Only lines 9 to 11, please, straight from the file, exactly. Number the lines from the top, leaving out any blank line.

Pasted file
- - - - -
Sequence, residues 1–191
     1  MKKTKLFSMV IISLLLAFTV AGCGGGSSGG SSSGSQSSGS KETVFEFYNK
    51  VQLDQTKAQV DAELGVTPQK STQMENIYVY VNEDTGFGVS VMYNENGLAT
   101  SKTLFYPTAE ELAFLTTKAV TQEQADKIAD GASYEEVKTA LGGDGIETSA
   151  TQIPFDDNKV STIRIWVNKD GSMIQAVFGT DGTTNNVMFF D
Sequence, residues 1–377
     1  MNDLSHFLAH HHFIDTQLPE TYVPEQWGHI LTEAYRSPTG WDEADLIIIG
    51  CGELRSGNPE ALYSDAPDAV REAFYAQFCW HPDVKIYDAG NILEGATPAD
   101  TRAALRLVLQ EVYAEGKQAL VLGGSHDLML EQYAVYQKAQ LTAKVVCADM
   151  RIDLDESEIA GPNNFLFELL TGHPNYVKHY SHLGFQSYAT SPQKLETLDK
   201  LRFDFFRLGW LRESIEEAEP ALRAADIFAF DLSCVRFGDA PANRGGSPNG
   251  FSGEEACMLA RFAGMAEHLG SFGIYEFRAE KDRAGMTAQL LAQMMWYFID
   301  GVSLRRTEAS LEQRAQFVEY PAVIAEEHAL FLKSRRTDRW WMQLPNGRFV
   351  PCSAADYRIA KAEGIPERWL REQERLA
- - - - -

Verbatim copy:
   101  TRAALRLVLQ EVYAEGKQAL VLGGSHDLML EQYAVYQKAQ LTAKVVCADM
   151  RIDLDESEIA GPNNFLFELL TGHPNYVKHY SHLGFQSYAT SPQKLETLDK
   201  LRFDFFRLGW LRESIEEAEP ALRAADIFAF DLSCVRFGDA PANRGGSPNG